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Editorial: New York needs you to vote tomorrow

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Tomorrow is election day. If you’re not a New York resident, you’ve probably already registered to vote in your home state and sent in your absentee ballot. But if you are, tomorrow is your chance to go to the polls in person and cast your vote in this year’s midterm elections, if you haven’t already.

And it is very important that you vote.

During midterm elections, citizens elect government officials and representatives to Congress. State governors are responsible for legislation at the state level, which this year will address issues including: abortion rights and legalization of cannabis. Midterm elections don’t directly affect the presidency, but they change the party balance in Congress, which means it can be more difficult to pass federal law. Midterm elections also allow voters to express indirectly their opinion of the president and set a benchmark for political leaders in 2024 during the next presidential election.

But despite all these factors, many voters, especially adults in college, do not vote in midterm elections. The 2020 presidential election took place historical turnout of 66.8% of votersbut the previous midterm elections in 2018 had just over 50% — smaller than in the presidential elections, and only half of the registered voters, although it is a record. People don’t see the midterms as less important. But the Democrats — the president’s party — are expected to lose the House, and especially in New York, there’s no margin for error.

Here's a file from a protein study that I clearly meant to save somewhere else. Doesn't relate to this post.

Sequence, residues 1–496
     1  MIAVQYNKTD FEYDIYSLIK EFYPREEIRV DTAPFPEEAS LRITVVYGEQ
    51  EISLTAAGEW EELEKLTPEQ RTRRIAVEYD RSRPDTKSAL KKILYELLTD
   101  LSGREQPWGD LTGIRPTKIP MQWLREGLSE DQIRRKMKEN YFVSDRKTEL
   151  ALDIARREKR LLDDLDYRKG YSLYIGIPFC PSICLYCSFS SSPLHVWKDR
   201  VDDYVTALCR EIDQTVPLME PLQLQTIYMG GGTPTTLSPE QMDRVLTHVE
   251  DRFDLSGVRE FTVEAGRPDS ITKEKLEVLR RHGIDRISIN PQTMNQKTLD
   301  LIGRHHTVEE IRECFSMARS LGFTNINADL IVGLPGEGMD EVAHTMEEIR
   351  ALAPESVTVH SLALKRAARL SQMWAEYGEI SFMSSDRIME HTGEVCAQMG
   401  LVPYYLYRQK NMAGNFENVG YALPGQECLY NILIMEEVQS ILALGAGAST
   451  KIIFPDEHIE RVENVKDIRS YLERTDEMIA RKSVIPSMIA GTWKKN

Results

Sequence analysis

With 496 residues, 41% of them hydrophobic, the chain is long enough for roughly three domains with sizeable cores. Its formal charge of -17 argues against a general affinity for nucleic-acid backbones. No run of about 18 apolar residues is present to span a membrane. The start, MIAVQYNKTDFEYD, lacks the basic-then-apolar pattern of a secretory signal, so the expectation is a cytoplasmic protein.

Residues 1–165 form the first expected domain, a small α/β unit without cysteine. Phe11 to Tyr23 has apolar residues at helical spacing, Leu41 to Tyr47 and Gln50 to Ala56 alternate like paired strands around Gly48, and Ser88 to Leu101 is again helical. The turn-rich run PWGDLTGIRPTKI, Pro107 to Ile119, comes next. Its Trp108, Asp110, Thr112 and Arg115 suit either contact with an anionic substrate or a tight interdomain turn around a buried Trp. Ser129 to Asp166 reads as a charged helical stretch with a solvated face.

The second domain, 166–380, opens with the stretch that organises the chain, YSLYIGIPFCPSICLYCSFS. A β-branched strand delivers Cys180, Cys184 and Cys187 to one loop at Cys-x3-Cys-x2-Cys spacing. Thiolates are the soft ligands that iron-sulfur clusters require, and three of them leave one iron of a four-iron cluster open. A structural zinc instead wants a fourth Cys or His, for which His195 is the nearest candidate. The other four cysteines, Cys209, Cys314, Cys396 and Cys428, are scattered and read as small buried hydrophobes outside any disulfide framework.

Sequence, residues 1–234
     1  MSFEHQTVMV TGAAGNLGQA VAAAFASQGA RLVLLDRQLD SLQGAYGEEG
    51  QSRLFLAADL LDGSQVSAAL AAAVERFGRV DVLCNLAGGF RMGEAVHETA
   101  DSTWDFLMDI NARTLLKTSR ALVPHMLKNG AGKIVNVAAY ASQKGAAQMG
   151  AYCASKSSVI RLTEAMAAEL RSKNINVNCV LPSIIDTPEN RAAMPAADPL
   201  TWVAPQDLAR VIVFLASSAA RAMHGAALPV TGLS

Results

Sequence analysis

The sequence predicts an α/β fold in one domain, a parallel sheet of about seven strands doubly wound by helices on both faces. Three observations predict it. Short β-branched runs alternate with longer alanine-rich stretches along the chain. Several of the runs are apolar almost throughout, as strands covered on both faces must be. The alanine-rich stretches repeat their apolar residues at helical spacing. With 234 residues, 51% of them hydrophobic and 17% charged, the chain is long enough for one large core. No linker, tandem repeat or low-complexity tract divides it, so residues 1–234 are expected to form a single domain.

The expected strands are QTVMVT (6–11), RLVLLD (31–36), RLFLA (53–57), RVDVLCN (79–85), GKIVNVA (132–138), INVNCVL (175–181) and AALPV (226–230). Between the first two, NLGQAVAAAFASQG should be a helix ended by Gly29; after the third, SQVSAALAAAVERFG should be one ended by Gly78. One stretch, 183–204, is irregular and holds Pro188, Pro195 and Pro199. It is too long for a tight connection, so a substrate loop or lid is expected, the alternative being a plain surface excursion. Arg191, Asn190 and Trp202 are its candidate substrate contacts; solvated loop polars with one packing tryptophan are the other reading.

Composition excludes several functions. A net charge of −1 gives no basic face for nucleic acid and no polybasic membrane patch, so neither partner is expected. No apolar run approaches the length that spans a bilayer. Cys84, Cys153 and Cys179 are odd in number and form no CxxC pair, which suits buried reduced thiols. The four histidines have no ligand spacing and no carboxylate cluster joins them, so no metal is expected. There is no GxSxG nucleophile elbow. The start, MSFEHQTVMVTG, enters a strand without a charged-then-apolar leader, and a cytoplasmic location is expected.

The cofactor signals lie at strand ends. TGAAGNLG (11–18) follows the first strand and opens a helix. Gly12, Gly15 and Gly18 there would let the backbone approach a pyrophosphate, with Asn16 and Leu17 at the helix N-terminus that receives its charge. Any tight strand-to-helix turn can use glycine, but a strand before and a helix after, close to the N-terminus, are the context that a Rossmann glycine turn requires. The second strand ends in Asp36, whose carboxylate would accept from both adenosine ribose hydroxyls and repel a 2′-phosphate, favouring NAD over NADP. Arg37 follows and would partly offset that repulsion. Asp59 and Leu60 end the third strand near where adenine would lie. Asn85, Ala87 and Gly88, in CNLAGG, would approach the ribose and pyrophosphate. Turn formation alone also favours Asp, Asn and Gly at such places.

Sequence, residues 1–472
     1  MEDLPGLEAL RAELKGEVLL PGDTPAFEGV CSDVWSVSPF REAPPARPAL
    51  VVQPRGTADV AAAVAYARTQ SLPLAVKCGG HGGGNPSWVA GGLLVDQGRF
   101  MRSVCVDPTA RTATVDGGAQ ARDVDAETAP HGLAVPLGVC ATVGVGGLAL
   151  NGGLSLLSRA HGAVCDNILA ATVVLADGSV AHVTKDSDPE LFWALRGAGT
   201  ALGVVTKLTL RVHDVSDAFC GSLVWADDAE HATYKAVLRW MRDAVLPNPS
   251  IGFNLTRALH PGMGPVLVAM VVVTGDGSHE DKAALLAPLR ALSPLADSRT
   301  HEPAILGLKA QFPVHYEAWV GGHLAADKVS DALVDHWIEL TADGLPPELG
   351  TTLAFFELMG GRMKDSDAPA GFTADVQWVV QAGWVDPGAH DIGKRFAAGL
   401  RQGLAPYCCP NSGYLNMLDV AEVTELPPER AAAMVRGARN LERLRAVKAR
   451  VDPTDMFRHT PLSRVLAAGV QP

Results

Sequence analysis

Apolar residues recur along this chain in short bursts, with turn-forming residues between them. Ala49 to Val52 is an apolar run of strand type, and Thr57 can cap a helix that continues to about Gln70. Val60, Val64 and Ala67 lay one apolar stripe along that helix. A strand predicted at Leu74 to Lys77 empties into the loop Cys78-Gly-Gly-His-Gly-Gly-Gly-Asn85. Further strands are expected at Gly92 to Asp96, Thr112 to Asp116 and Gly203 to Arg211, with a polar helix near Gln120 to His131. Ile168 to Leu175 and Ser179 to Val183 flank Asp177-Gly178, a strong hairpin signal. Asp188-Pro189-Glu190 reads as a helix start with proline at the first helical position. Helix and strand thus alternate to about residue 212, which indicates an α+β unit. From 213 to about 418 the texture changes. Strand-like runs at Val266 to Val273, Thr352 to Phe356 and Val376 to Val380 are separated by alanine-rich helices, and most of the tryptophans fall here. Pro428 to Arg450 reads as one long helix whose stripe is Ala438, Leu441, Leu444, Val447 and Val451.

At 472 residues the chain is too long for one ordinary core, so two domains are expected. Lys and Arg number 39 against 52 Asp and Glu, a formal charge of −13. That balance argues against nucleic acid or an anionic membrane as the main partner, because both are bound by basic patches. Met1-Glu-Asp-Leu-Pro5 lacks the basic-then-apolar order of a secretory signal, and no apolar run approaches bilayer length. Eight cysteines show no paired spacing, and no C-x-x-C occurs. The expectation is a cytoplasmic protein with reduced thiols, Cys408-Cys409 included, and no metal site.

New York is considered one of the most liberal and safest blue-collar places in the country, but it is potentially before the red future. Kathy Hachul, the incumbent governor, appears the fourth consecutive Democratic governor — and instead of being safely ahead, she is closely compete with Republican candidate Lee Zeldin, recent polls show. Hachul, who took over from former Gov. Andrew Cuomo resignation last year, did a good job during the year she was in office. Mostly unknown at the start of her tenure, Hachul has been a champion ever since stricter gun laws and codified abortion into state law.

Zeldin, her rival, humiliated his anti-abortion history and support for former President Donald Trump. He promised to call a state of emergency on crimes, suspending cashless bail and likely increasing the police presence. Republican congressional candidates in New York, too gaining steam in areas they haven’t done before, like the Hudson Valley and Long Island.

The race is tighter than usual, and for the first time in more than a decade, the New York governorship is not guaranteed to be blue. With a flash of red in sight, Republican voters will be flocking to the polling booths. Balanced voter turnout is critical to ensuring that New York City’s elected officials represent the views of the majority of voters, not just those who showed up to vote.

So you need to go vote tomorrow if you’re a New Yorker. It’s easy to say that individual votes don’t matter in historically blue or historically red states, but New York’s gubernatorial election is no longer guaranteed, and your vote is critical to the decision.

In the long run, there are ways to help in addition to voting. Volunteering with campaigns, drafting or signing petitions for activist groups, and even protesting can be effective methods for change. But midterm voting is the bare minimum because politicians are defined by that outcome, and so are their policies. The midterm elections set the precedent for the presidential election two years later—make sure the precedent is the one you want.

Tomorrow will be a better opportunity for your voice to be heard. Don’t waste it. Go vote.

The Opinion section of WSN aims to publish ideas worthy of discussion. The opinions expressed in the editorial reflect the views of WSNs Editorial board.

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